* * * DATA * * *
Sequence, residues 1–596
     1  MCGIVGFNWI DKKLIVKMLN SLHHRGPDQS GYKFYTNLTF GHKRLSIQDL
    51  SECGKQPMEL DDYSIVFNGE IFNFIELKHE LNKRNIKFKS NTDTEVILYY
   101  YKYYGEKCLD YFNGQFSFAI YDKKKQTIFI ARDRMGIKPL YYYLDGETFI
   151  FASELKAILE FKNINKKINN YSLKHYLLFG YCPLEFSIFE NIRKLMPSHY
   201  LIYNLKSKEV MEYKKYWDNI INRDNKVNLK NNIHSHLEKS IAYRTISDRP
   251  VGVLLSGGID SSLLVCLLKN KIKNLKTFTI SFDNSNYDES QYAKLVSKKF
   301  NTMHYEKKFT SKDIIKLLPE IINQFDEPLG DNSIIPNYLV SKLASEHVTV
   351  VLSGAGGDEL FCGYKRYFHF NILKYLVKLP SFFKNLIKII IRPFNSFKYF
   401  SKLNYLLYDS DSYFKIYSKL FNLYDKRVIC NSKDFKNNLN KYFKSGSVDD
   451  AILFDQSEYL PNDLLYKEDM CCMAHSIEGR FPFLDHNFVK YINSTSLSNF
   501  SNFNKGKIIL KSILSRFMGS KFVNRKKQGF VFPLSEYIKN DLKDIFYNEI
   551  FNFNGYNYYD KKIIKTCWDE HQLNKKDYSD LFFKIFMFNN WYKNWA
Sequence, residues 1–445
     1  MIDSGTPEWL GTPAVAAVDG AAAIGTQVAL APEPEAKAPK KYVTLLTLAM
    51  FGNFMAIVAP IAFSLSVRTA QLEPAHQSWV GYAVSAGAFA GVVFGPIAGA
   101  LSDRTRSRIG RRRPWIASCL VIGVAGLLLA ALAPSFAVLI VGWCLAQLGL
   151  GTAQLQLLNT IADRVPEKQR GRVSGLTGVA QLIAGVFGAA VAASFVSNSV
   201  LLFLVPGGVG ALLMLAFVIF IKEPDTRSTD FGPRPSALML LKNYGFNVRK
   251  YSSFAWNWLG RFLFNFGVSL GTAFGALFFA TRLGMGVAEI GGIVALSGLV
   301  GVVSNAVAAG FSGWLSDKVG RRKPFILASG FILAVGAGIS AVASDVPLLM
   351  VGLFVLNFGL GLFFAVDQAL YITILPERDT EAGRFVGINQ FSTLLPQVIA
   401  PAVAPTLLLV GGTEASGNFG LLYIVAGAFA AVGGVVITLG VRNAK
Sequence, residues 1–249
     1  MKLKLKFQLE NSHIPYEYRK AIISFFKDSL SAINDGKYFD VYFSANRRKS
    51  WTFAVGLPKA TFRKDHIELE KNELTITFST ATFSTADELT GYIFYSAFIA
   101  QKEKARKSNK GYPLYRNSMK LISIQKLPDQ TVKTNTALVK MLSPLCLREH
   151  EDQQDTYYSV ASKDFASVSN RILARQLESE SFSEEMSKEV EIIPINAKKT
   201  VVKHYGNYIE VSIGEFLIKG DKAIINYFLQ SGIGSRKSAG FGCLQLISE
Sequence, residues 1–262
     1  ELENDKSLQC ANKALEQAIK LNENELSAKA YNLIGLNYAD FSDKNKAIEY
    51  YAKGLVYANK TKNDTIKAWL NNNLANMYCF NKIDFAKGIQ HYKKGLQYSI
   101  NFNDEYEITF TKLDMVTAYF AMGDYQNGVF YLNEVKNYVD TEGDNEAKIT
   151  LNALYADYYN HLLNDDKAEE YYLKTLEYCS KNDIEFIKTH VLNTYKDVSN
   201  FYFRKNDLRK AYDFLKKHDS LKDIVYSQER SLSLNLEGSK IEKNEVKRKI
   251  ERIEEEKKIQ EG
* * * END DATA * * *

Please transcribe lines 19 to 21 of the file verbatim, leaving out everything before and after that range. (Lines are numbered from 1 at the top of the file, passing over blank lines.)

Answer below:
   201  LLFLVPGGVG ALLMLAFVIF IKEPDTRSTD FGPRPSALML LKNYGFNVRK
   251  YSSFAWNWLG RFLFNFGVSL GTAFGALFFA TRLGMGVAEI GGIVALSGLV
   301  GVVSNAVAAG FSGWLSDKVG RRKPFILASG FILAVGAGIS AVASDVPLLM